The First Prayer

 •  16 min. read  •  grade level: 7
THERE was a poor woman who lived with her husband and eight or ten children in a mews in the west end of London. Country children who have never seen London, must remember that the stables belonging to London houses are all built together, somewhere behind or near the houses to which they belong, and all these stables joined together are called mews. So that a mews is like a little town of stables and coach-houses, with rooms above, where the coachmen and other stablemen live, with their wives and children.
Very often the families living in the mews are little visited or looked after by their rich neighbors, and in former times the children ran about and played in front of the stables from morning to night, never going to school, and learning only to be rude and wicked.
The poor woman of whom I am telling you, wished to bring up her children well. That means that she wished them to be tidy, and well-behaved, and clean, and she did her best to make them so. But it never crossed her mind that they had souls to be saved, or even that she herself had a soul. If she knew that there is a God, she thought no more about Him than you or I should think of some heathen idol whose name we might have heard.
No wonder that poor Mrs. Clare (as we will call her) was a very unhappy woman. She was seldom well, and she had hard work to look after the children, and to find means to feed and clothe them. Her husband was only a helper in a gentleman's stables, and his wages were small.
And at last one day there came a sad piece of news to Mrs. Clare. The gentleman told her husband that he was going away immediately to America, for a long time, and that he should want him no more, for he should sell his carriage, and horses, and furniture, and let his house and his stables in the course of a few months. But he said that Clare might stay on in his rooms in the mews till he could hear of another place, or perhaps any gentleman who took the house and the stables might be willing to keep him ort. But some of the furniture in Clare's rooms, which belonged to the master, would be taken away at once, to be sold with the furniture of the house.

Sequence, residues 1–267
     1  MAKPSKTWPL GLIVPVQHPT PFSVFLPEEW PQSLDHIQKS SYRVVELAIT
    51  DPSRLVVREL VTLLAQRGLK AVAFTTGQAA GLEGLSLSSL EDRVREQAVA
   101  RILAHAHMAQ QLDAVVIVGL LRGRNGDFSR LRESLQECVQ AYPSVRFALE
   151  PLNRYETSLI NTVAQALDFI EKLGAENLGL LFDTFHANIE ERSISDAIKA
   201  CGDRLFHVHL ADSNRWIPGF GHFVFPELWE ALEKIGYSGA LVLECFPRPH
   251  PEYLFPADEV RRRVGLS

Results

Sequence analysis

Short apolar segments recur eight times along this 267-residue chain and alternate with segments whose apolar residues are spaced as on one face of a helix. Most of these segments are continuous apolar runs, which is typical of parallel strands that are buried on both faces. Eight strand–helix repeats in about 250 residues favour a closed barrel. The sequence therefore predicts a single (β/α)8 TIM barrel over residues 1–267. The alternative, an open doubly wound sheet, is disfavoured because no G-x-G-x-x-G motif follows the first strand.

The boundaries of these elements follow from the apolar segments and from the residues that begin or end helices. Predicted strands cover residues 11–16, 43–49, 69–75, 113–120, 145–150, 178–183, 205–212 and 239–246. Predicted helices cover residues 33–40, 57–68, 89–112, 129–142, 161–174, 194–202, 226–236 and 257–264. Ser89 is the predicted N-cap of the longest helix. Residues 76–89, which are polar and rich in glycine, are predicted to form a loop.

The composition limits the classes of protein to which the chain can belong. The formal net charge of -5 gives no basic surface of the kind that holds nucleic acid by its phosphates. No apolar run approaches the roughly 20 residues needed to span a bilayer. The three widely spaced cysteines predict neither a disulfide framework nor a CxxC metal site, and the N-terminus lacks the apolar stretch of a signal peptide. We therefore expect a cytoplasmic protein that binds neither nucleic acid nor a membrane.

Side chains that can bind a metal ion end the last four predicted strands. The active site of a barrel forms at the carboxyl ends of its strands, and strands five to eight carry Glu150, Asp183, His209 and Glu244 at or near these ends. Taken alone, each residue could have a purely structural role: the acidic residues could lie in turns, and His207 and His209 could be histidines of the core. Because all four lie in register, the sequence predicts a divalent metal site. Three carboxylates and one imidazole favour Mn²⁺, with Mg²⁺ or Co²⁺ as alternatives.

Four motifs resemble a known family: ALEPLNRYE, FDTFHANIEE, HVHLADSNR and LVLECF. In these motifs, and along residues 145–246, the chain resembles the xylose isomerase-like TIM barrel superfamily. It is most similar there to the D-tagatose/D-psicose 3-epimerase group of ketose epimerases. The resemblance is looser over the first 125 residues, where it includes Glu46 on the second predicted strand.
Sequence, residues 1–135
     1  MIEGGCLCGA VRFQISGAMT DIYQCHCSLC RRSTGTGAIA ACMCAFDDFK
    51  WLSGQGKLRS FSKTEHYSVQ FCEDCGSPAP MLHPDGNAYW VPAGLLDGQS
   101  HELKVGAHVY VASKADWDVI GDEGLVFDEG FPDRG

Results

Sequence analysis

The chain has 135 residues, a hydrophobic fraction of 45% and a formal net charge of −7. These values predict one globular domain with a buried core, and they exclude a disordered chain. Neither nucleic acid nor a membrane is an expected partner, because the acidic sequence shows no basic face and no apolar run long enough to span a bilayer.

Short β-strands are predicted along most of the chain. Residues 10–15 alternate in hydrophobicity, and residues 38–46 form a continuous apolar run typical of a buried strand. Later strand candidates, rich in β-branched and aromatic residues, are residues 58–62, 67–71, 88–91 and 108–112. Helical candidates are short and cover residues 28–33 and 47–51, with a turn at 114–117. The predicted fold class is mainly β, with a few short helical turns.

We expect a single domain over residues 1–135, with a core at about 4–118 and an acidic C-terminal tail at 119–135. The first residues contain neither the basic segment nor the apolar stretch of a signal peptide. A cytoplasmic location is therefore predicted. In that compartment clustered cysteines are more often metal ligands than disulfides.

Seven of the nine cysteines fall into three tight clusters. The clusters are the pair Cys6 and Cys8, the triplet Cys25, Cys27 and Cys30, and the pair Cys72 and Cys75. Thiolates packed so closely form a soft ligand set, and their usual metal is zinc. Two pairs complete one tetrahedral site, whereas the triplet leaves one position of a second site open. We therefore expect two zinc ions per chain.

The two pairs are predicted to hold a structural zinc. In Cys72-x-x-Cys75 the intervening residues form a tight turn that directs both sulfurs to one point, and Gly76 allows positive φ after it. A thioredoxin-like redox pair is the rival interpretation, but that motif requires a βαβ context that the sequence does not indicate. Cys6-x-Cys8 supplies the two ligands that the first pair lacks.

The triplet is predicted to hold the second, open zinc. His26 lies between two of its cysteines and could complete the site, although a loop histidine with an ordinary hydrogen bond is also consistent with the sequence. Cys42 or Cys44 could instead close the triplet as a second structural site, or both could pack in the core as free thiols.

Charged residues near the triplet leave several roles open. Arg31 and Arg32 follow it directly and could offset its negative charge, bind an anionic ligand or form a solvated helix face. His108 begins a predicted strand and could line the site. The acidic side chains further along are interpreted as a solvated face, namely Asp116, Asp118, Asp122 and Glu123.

Clare did not much mind losing these few bits of furniture, for the rest, which was his own, could be made to do, for the time at least. But Mrs. Clare thought at once of a part of the master's property which she would be very unwilling to lose. All the blankets belonged to him. And now winter was coming, and her husband would be out of place, and they could never afford to buy new blankets. Mrs. Clare's only hope was that, as the blankets were old and thin, the master would not think it worth while to take them away. But the very thought that he might was terrible to her.
Mrs. Clare was not accustomed to having visitors, and as she sat there, feeling very sad and forlorn, she was startled by the sight of a strange woman who stood at the door, and asked if she might come in. This woman was employed in selling Bibles. But it was of no use to offer one to Mrs. Clare. In the first place she had no money; in the second place she could not read; and, alas 1 in the third place she had never had any desire to know anything of the word of God. So she refused the Bible very civilly.